It might be, but sharks aren't the only hammerheads to watch out for this summer. An invasive worm that packs the poisonous power of a puffer fish and the slithering stamina of a snake has been spotted along the East Coast of the U.S.
Michael Raupp, a professor of entomology at the University of Maryland, wrote about recent sightings of the worm in his "Bug of the Week" blog, saying "sometimes something so weird and creepy pops up that we need to spend some time on it."
He describes hammerhead worms as "creepy, slithering, predatory flatworms" that "dine on unsuspecting earthworms" and other creatures.
And "creepy" doesn't begin to describe the worms' ability to survive. If you attempt to capture them, Raupp wrote it can result in the "spontaneous fracturing of their bodies."
"As members of the flatworm clan, it turns out that hammerhead worms can also regenerate missing body parts," Raupp said. "My friend reported the individual segments of his fractured hammerhead worms independently slithered off the driveway into the grass where we can assume that they regenerated missing parts and resumed their hunt for small invertebrates."
According to Texas A&M's AgriLife Extension Service, any portion of the worm that's split apart can regenerate a new worm in roughly 10 days.
The worms, also known as land planarians or shovel-headed garden worms, are easily detected by their unique body structure: They have long, thick bodies with a flat, wide head that resembles that of a hammerhead shark. According to Texas A&M, the worms are often "honey-colored with one to five dark stripes running the length of the body." They can grow to be up to 15 inches long.
Where do hammerhead worms come from?
Hammerhead worms are an native to Southeast Asia and believed to have been introduced in the U.S. in 1891 through infested plants and soil, according to the National Invasive Species Information Center.known to be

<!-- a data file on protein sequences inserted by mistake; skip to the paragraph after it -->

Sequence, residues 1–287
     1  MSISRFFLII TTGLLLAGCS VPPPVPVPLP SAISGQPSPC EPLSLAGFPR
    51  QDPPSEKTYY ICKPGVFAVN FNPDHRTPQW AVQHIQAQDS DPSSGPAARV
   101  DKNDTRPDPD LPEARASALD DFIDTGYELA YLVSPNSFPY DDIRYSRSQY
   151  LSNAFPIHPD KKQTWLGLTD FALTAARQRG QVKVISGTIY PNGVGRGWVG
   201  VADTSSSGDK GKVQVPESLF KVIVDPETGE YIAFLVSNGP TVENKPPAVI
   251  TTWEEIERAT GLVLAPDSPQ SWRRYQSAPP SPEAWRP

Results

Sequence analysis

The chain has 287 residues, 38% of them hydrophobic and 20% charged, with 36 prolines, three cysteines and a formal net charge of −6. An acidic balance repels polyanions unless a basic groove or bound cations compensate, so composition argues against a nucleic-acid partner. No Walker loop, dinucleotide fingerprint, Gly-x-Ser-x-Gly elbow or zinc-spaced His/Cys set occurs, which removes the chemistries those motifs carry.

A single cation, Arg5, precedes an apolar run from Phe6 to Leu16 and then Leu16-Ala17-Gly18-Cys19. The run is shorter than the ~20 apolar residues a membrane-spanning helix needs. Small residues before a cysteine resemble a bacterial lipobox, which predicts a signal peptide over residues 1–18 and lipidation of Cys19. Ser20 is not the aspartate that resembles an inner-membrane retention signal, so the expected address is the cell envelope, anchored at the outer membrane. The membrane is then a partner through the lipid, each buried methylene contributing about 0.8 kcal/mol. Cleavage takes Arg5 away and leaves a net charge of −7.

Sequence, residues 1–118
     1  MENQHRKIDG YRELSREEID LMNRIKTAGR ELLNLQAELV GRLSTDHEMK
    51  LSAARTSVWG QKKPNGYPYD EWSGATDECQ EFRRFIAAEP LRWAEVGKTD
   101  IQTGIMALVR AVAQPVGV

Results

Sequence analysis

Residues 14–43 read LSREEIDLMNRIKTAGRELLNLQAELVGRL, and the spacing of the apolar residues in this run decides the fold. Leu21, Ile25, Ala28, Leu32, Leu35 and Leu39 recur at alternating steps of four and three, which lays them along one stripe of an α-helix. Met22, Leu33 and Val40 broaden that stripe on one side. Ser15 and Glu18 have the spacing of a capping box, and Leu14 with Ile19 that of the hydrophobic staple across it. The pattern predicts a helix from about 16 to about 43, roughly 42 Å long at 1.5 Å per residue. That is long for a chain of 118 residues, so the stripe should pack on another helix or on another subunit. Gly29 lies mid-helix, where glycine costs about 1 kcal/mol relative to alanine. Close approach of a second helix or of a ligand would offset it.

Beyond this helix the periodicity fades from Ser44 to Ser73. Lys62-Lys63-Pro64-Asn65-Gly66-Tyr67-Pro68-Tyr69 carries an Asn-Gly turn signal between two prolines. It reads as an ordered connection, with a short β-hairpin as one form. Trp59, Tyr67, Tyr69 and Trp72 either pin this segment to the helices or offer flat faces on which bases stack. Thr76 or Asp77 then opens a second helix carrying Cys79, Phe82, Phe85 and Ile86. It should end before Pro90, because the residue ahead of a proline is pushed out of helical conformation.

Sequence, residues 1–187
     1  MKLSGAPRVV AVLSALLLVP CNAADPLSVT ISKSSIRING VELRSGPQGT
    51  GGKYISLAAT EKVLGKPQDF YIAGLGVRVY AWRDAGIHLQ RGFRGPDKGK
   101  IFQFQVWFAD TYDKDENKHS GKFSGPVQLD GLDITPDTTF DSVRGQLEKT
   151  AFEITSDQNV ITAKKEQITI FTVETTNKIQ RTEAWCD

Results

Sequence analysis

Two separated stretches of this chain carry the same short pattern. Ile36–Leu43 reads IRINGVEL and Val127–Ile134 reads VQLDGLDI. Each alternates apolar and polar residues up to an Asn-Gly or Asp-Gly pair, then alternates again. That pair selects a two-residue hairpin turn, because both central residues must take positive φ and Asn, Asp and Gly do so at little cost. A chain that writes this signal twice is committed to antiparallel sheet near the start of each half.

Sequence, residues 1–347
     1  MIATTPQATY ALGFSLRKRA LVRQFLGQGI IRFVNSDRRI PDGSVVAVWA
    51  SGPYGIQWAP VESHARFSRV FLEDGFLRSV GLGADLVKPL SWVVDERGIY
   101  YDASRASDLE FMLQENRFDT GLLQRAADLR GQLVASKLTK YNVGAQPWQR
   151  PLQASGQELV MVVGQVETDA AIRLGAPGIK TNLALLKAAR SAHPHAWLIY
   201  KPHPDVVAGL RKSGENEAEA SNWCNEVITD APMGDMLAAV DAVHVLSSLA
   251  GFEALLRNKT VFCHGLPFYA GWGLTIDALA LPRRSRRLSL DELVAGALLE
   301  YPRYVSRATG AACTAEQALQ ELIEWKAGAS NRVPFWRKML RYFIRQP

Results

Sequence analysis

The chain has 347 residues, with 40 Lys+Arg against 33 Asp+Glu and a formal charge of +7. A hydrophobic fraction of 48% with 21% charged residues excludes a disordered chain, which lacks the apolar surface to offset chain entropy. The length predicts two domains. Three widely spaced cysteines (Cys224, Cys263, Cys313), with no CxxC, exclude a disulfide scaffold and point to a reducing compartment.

"These rascals from Asia are largely unseen in the lawn but clearly visible as they glide in slow motion across a driveway on a cool dewy morning," Raupp wrote.
In the U.S., they're mostly found in the Southeast and along the East Coast. A USDA-shared mapping system maintained by the University of Georgia shows the species has been detected in a number of states, including Florida, Georgia, Alabama, Mississippi, Tennessee, the Carolinas, Kentucky, Virginia, New Jersey, Missouri, Arkansas, Oklahoma, Texas, Arizona and California.
Texas leads the nation with the highest number of confirmed sightings at 351. North Carolina, Georgia and California also have high numbers of sightings, each at well over 200 since the year 2000. The most recent confirmed sighting was in May in Anderson, South Carolina, although many other sightings have been shared on the website iNaturalist.
Though unconfirmed by the UGA map, photos and observations reveal dozens of other sightings this year.
Why are hammerhead worms bad?
Hammerhead worms prey on earthworms, which are essential to land and agriculture health. Earthworms primarily eat organic material in soil and their moving habits and waste allow that soil to remain moist and rich, according to the USDA.
"Earthworm tunnels bring in oxygen, drain water and create space for plant roots," the agency says. "Their natural feeding habits mean that small amounts of soil pass through their bodies and, surprisingly, when they excrete it, it is in better condition—what goes in comes out much better!"
Are hammerhead worms dangerous?
It's important to note that hammerhead worms don't bite or sting, but they do pack toxins that could cause some issues for people and animals alike. According to Raupp, they can secrete a "potent, paralyzing tetrodotoxin, the same lethal toxin found in puffer fish."
That toxin is aimed at helping subdue larger prey for the hammerhead worm, but many people who have come into contact with the worms had reported skin irritations from the substance. Domestic animals could also be impacted, Raupp said, with reports of discomfort or illness.
How do you kill hammerhead worms?
Lamar County AgriLife Extension Agent Jessica Humphrey says that first and foremost, you should wear gloves when digging through the dirt to catch the worms.
"If you find them, dig them up whole and put them in a sealable plastic storage bag with salt to kill them," she said, "and then you can dispose of them in the bag after that."
Texas A&M also says that citrus oil and vinegar can also be used, but that they would have to be put directly on the worms.
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